In this context, the church produced members who are knowledgeable of the Bible and points of doctrine but weak in bearing fruit in witness and engaging in mission. In what has been described as the attractional model of the church, Christians were encouraged to invite others to come to the large meeting where seeker or seeker-sensitive services addressed the needs of those who came. Alan Hirsch states:

Essentially, [the] attractional church operates from an assumption that to bring people to Jesus we need to first bring them to church. It also describes the type or mode of engagement that was birthed during the Christendom period of history, when the church was perceived as a central institution of society and therefore expected people to “come and hear the gospel” rather than a “go-to-them” type of mentality.

In the attractional model, the gospel was presented in a winsome manner. Those who came to faith in turn invited friends and family to the services in order to hear the preacher, enjoy the music, and drink the coffee. New believers assimilated into the church often through small groups or programs that met their felt needs and wants, with the overall aim and metric of numerical growth. Sometimes this model resulted in mega-sized churches, especially when located in suburban areas with freeways and space for new buildings and large parking lots.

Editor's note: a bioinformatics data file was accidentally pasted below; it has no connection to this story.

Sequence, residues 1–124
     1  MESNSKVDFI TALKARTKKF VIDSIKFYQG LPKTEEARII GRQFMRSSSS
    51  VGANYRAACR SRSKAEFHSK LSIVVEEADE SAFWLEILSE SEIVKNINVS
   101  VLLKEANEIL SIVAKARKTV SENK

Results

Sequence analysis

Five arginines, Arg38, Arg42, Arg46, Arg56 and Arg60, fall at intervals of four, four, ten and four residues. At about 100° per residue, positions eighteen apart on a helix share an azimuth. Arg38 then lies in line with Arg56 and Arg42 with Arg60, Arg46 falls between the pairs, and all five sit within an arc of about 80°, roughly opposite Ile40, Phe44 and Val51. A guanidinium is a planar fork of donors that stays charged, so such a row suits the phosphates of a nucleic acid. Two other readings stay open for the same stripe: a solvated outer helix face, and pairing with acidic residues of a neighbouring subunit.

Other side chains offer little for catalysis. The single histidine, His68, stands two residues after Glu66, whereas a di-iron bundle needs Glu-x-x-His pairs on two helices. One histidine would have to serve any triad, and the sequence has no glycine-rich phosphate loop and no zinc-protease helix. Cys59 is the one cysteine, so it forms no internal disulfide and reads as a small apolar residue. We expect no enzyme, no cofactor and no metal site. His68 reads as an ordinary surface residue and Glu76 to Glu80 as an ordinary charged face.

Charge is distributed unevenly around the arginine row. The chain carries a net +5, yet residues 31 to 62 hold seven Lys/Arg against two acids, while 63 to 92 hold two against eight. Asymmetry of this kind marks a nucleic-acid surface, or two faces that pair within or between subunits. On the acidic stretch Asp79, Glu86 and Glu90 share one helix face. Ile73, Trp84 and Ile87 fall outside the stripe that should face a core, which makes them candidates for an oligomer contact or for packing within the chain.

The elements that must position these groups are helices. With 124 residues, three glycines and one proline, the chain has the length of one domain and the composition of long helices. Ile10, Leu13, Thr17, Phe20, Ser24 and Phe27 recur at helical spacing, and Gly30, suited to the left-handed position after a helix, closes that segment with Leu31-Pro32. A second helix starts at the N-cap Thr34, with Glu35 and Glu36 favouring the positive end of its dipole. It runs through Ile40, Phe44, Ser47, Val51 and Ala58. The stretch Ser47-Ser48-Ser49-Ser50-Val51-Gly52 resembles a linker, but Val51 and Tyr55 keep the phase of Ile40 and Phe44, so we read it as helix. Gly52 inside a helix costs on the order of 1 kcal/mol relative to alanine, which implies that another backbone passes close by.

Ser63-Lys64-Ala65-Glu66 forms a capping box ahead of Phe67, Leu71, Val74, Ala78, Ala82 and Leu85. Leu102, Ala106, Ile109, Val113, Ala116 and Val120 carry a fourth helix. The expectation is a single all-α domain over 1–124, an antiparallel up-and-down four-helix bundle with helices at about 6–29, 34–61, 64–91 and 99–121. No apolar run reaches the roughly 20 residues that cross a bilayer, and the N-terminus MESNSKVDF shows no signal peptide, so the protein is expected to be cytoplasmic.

In the missional model of the church, however, the aim and metric is not to become a mega-sized church. The missional church exists (and grows) as a means and instrument of God’s mission to the broader community. The church exists to worship the triune God and build up Christian disciples who in turn engage in works of service, compassion, and gospel proclamation in their contexts, both individually and with one another in community. These disciples are prepared and sent to engage in mission in the spaces where they live, work, and recreate. With prophetic insight, Charles Colson stated:

We must take the church to the people. Too often we sit in church as spectators, waiting for the needy multitudes to come watch the show with us. But for those in need—spiritually and physically—a fat, lethargic church preoccupied with its own entertainment holds no appeal. Jesus didn’t set up counseling hours in the Temple; He went into the homes of the most notorious sinners, to the places where the lame, the beggars, the needy could be found.

Clearly, there must be missional disciples if there is to be a missional church and there must be missional disciple-making if there are to be missional disciples. Missional disciple-making is shaped by a missional ecclesiology that moves beyond assumptions and patterns of Christendom. It is characterized by a “go to others” approach in which disciples participate in God’s mission in their contexts as sent people.